If you’re an experienced marketer, you know that targeting is everything. Another aspect of Google Optimization important for targeting is personalization.
This is a group of changes that you make to your website based on who is visiting it. In order to develop these groups, you can use Google’s sophisticated segmentation and targeting tools.
Personalization is not an actual experiment, as it doesn’t have variants, and it doesn’t have a set end time.
Using Google Optimize to Confirm or Disprove Hypotheses
The basic function of Google Optimize is to negate or confirm a hypothesis related to a website’s current performance. Using knowledge and experience, marketers set up a hypothesis that ‘if they do X, Y should happen’.
Even though being educated and experienced helps, no website change should be deployed without testing its performance first. When you look at some of the biggest websites on the Internet, you can be sure that even the tiniest speck on the site has been tested for optimal performance.
So, every Google Optimize experiment should start with a hypothesis, just like any other scientific experiment. Here is where you use your knowledge and experience to make assumptions on what will work best on your website.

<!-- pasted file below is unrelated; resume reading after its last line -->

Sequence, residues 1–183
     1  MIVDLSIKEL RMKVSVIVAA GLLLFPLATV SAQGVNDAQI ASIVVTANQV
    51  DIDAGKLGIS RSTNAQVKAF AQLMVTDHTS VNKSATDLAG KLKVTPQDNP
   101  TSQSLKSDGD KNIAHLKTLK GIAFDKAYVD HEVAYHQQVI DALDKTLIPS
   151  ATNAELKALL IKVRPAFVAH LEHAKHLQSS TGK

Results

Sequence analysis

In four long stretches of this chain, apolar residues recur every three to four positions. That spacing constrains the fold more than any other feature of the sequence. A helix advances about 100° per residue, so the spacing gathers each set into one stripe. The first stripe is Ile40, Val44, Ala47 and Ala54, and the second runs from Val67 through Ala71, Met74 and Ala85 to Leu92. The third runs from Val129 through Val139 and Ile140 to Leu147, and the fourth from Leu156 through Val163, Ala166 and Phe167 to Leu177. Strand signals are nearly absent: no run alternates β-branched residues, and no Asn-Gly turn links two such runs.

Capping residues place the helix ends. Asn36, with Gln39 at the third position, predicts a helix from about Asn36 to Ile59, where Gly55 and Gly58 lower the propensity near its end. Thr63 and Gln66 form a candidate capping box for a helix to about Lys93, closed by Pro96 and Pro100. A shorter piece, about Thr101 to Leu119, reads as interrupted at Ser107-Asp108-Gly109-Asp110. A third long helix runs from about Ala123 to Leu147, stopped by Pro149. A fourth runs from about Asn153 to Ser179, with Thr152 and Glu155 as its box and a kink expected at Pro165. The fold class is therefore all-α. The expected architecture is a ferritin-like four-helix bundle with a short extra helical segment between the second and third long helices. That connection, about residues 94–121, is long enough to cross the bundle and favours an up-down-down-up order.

A hypothesis consists of the factors that will be changed, the expected outcome, and optionally the reason for expecting this outcome.
For example, here are some of the basic hypotheses that you can test with Google Optimize:
- If we move the primary call to action, the conversion rate will go up.
- If we move the primary call to action below the fold, the conversion rate will go up by 10%.
- Showing cross-sell products on the right column will increase the average order value.
- Showing up-sell products on the left column will increase the average order value.
Of course, it’s possible to create and launch an experiment without setting a hypothesis, but starting your experiment in this way is a guarantee that you will never lose track of the goals of your test.